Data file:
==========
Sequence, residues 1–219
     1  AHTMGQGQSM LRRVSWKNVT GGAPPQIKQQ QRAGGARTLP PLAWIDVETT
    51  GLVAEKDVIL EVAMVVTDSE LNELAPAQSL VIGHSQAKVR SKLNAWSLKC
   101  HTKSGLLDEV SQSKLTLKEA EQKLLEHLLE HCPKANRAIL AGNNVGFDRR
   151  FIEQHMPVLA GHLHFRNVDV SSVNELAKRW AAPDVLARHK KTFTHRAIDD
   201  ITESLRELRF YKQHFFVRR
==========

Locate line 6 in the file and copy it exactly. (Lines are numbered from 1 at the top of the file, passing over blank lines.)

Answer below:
   201  ITESLRELRF YKQHFFVRR